W hen I graduated from Wake Forest in spring 1973, I vowed I would never return to campus.
The journey had been tumultuous, and the struggles overshadowed the periods of grace and joy throughout my four years at the University. However, the art of forgiveness coupled with maturity tends to create a pathway that dissipates unpleasant memories. I returned to the campus in 1983 as a lawyer, worked in the legal counsel’s office, taught in the history department and the law school and retired in 2017. Never say never.
I believe in divine intervention. I was slated to attend Reed College in Portland, Oregon; however, one of my best childhood friends who was a scholar-athlete at Wake Forest reminded me that Reed College did not have a football team, and the distance from school to home in Petersburg, Virginia, might prove problematic.
I enrolled at Wake Forest in August 1969. Although the tuition was less than $2,000, that was a hearty sum. One of my academic scholarships for $1,000 had not arrived at the treasurer’s office on time, so I was not allowed to register for classes. I thought I would have to return home, and, of course, I was heartbroken. Divine intervention swung through the door again. My mother and I went to see President James Ralph Scales. Upon hearing our plight, he awarded me a scholarship from his deceased daughter’s fund since my great-grandmother was part Cherokee as was his daughter. And the journey began.
When I arrived, there were fewer than 20 black students on campus. We survived by remaining true to our ethnicity. In 1969, Wake Forest sought to attract black women who could compete academically. (There were about 15 black male athletes on campus, and interracial dating was not a healthy endeavor.) The black athletes of my generation graduated from Wake Forest and pursued careers in law, investment banking, medicine, divinity and education. Together, we taught Wake Forest students that successful academic achievements were cross cultural.
During my time at the University, I developed deep friendships, and over the years we have exchanged photographs of children, weddings and grandchildren. I have several Wake Forest friends with whom I have shared Christmas cards every year since 1973.
But from 1969 until 1973 there were battles to fight on all fronts. Fraternities were not our worst enemies. There were professors who vocalized their displeasure about the presence of black students on campus because they felt that genetically we were unable to compete. Those kinds of attitudes made me work harder, and I was determined to graduate with honors.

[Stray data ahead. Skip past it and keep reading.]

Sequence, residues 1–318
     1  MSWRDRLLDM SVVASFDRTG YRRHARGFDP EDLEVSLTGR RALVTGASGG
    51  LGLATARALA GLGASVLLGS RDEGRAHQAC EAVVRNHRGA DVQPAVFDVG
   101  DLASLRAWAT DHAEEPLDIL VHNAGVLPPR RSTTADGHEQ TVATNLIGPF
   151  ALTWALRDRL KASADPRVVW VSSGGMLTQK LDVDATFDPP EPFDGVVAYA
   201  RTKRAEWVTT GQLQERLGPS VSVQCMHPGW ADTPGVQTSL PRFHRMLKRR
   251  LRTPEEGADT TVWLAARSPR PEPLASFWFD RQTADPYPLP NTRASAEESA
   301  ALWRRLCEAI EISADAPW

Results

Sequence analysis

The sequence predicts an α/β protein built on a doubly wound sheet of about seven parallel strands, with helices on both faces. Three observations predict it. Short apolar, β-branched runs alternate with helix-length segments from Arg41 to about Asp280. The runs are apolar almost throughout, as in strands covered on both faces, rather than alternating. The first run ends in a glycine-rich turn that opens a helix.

I decided no one was going to outwork me.
When I was elected homecoming queen, unfortunately the Old Gold & Black student newspaper missed an opportunity to congratulate a Southern Baptist school for crossing the racial divide. There was no headline in the paper to alert the readership that Wake Forest had elected its first black homecoming queen and perhaps entered a new era. But the campus conversation was buzzing with excitement that the University was moving forward in an unexpected way.
The yearbook staff later took a puzzling position. The homecoming photograph in the yearbook shows me with a crown and two black eyes. I am sure the staff was amused, but my family and I were not. Nevertheless, life moved on, and the thrill of winning overshadowed any attempt to take the joy out of my living.
I am honored to be a graduate. Not only do I have 50-year friendships from my Wake Forest days, but I have the confidence of being exceptionally educated, and I am imbued with a Wake Forest sense of a humanitarian dedication.
Beth Hopkins lives in Winston-Salem and spends time rediscovering classical piano compositions, playing tennis and visiting her granddaughters. She received a major award from the Wake Forest School of Law in 2016 with the naming of the pro bono summer stipend in her honor, and she received the William & Mary Law School Association’s 2018 Citizen Lawyer Award, its highest recognition, given annually to a law graduate who has made a lifetime commitment to citizenship and leadership.